Security and diversity – buzzwords with substance
Amidst the buzz and commotion that MWC brings for telecoms and service providers, there’s another equally large beast that stirs at a similar time every year. For the security industry, the US-based edition of the RSA Conference is one of the most important events of the year. Spawned in 1991 as a small conference focusing on cryptography, it has now evolved into one of the behemoths of the security industry alongside BlackHat and Infosecurity Conference.
With over 45,000 people expected to attend the US conference this year, and more attending shows in Europe, Asia or the UAE, this is a conference series that is not to be missed. Whether looking to exhibit, speak or just soak up the atmosphere and learn something new, the presence and opportunity for networking that these conferences afford is clear – there is rarely a show for the infosecurity industry that gives so much and affords so much opportunity to learn. Babel represents clients at these types of shows throughout the year; this year SecureData is present at RSA and giving a talk on Artificial Intelligence and Machine Learning-driven potential cyberattacks!
Trade shows such as this are a unique opportunity to see what competitors are talking about, as well as learn of new technological developments. All of this can play into a strong PR campaign that can really boost knowledge and perception of your organisation – whether one is speaking at the show or not. Combine this with face-to-face influencer interaction that may not be possible throughout the rest of the year, and you have a winning recipe.
Diversity is key…
Among the topics being discussed this week in San Francisco (which include artificial intelligence in security, successful journeys into the cloud, and unconventional approaches to security challenges), one of the most interesting and crucial is that of diversity in the cybersecurity space. This is exactly the topic that Sylvia Acevedo, CEO of Girl Scouts of the USA is discussing, and one that I’m disappointed to be missing out on.
I, of course, say this as a white male in his late 20s, so may not be seen as qualified to comment, but it occurs to me that diversity (in security especially), is something that is no longer a ‘nice to have’ but a critical component of industry. If the NCSC says this is the case, I’m inclined to believe them – and the industry should do too. From increased revenues to different perspectives on the same problems, diversity can really boost a company’s capabilities. Sylvia’s background is astounding, and I find it brilliant that she is now using her platform to further the fight for a better diversity base in the infosec sector. Anyone that chooses to fight this is not only closed-minded but is startlingly blind to the future.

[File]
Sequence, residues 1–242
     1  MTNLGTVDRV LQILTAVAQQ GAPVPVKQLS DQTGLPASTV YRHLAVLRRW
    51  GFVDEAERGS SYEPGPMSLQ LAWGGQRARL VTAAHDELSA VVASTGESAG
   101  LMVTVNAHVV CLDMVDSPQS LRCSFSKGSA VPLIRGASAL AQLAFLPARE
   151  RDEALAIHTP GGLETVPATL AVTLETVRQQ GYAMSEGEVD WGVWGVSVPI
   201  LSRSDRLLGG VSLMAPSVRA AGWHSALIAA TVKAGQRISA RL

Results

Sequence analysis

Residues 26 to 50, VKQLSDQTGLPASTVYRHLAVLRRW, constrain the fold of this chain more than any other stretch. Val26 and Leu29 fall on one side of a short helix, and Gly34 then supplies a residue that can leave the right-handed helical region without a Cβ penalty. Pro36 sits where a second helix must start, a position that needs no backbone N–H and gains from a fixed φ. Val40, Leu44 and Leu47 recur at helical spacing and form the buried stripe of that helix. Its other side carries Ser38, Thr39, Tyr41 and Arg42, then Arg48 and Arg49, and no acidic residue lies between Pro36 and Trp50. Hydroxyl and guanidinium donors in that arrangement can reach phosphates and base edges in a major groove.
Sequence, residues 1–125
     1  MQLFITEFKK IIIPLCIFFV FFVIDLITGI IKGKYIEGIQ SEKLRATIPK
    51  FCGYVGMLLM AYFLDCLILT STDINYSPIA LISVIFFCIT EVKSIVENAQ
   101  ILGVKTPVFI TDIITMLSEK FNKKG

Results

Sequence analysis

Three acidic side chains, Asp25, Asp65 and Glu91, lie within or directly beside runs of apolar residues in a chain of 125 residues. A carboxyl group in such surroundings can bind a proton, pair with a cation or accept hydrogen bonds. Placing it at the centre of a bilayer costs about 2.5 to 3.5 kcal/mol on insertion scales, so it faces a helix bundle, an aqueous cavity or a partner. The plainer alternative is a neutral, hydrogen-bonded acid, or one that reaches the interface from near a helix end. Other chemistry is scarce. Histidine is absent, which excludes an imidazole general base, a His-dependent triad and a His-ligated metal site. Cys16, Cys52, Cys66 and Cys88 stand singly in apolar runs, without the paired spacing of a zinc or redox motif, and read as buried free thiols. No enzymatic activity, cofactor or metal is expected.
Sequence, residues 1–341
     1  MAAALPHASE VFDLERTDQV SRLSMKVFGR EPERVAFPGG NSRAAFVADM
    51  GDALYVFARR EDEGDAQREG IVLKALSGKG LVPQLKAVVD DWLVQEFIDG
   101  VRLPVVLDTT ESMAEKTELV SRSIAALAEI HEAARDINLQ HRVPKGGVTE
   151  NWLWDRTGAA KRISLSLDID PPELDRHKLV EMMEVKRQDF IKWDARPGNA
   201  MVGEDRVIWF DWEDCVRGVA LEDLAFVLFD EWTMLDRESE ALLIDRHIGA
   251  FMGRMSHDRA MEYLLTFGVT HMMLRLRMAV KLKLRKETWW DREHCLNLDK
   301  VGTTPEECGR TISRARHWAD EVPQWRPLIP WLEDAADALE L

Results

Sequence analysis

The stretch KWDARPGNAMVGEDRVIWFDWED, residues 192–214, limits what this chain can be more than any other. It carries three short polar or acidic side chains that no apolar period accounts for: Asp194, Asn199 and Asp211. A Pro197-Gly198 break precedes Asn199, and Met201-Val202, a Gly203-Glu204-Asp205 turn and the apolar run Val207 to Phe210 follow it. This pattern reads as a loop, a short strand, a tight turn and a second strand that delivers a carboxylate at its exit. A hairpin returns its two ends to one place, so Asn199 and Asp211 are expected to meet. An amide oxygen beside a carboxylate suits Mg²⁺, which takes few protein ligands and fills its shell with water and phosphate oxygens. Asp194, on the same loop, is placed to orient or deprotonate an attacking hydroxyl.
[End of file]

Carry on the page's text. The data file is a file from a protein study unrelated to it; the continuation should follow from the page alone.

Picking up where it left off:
I’ve seen first-hand the benefits that students of different backgrounds gave to my own university and professional experiences. I’ve seen the success that the Cyber Discovery programme is having in bringing cybersecurity to students of all socio-economic backgrounds, genders, and scholastic abilities. Whether it’s a variety of spokespeople, or even involvement in diversity initiatives, the security industry does a good job of showing that it has the right mentality to improve on its current glut of male-only representatives.
…across all industries
It’s critical that companies speak out to show the good work that they’re doing for increasing diversity in industry, as we all know that a diverse team is one of the most powerful things that you can have behind you. This can easily be supported with a communications programme fortified with solid and targeted media relations, top-notch content creation and years of combined experience at trade shows. If that’s what you’re looking for, Babel should be at the top of your list. Cybersecurity is one of our specialities, and it’s something we enjoy talking about. Drop us a line to see how we can help.